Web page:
By Emily Krueger
Earlier today the House Natural Resources Committee passed H.R. 2070, “the World War II Memorial Prayer Act of 2011,” by unanimous consent. The bill would add an inscription of the prayer spoken by Franklin Delano Roosevelt on D-Day to the World War II Memorial on the National Mall. AU Communications Director Joe Conn covered the controversy in a Wall of Separation post last week, saying, “I don’t know which is more deplorable – that supporters of this bill are using prayer as a political weapon and fomenting religious strife among our nation’s veterans or that they’re undermining true patriotism by making it a partisan cudgel.”
As the bill now moves to the House floor after committee markup, we maintain our opposition for a number of reasons:
-- American veterans—like our currently serving troops—come from many different religious traditions and some follow no spiritual path at all. The current memorial, dedicated on May 29, 2004, represents all 16 million who served in our armed forces during World War II. It doesn’t need to be altered to represent one particular view of God, causing some veterans to feel excluded.
-- The current design was selected as part of an open, national competition and the Commission of Fine Arts and the National Capital Planning Commission approved each stage of the design process in public hearings. The process itself already allowed for input from the general public and veterans.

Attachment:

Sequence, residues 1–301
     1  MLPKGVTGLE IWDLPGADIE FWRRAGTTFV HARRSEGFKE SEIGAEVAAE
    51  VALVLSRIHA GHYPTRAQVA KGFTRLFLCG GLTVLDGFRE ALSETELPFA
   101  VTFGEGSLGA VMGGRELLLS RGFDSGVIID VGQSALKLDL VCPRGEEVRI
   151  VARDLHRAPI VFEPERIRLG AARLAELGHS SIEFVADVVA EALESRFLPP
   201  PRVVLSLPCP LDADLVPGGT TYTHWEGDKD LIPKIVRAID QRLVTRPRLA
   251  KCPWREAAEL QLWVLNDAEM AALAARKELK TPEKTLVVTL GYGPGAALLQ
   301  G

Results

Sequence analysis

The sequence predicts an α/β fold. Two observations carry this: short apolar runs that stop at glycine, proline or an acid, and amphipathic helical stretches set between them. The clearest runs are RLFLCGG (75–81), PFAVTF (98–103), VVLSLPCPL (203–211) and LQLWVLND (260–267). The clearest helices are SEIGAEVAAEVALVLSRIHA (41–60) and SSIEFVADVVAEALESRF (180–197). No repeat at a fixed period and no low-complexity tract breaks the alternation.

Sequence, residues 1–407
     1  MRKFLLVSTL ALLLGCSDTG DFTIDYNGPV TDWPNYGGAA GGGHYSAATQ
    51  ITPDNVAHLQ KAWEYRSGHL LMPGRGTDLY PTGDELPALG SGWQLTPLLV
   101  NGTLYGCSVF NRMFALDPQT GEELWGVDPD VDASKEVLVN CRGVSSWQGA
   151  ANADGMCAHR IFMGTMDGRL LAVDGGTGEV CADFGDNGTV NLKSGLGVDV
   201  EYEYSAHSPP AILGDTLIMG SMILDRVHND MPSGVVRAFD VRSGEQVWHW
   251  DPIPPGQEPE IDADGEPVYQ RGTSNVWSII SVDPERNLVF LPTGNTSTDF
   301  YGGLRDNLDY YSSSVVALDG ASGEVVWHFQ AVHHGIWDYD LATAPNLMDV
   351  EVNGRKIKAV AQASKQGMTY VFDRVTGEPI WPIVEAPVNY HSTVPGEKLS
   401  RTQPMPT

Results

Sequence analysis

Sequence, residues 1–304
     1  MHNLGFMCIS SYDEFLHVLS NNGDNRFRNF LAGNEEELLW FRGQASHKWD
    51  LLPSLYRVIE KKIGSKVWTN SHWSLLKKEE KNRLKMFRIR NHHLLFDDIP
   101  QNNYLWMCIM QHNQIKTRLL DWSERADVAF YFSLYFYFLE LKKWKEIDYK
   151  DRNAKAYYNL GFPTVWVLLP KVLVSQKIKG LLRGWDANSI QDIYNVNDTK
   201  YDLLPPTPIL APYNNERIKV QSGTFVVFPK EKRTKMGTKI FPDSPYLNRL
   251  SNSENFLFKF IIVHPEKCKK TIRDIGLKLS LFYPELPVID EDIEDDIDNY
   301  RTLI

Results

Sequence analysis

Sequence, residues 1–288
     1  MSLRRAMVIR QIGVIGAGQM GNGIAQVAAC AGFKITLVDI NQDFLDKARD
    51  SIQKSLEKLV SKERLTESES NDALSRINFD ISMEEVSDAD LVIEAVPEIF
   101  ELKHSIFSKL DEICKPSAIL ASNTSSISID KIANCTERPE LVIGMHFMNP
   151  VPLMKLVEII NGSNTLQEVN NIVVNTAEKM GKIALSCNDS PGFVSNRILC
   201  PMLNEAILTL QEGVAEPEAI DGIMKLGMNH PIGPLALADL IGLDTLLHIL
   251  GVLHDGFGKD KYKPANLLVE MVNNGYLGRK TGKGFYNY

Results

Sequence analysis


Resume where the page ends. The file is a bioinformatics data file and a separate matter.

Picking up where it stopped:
-- Installing a new plaque or inscription would require Congress to override the Commemorative Works Act, which sets forth the requirements for development, approval, and location of new memorials and monuments in the District of Columbia.This statute has only been overridden twice and never to add an inscription or plaque to an existing monument.
-- At a time when Congress is attempting to cut billions of dollars in federal spending, approving adding an unnecessary and costly plaque or inscription onto the WWII monument is unjustifiable.
-- Proponents of the bill are playing politics with the memorial and religion, claiming those who refuse to alter the design are anti-religious. But, refusing to override a Congressional enacted statute to alter a memorial that has been open to the public since the spring of 2004 shows no hostility to religion. Congress should not belittle the monument by using it as another ploy in the culture wars.
We’re working hard to push the House to do the right thing: to show respect for World War II veterans by keeping the monument as it was created and honoring the important contributions of all those who have served our country – whether they believe in God or not.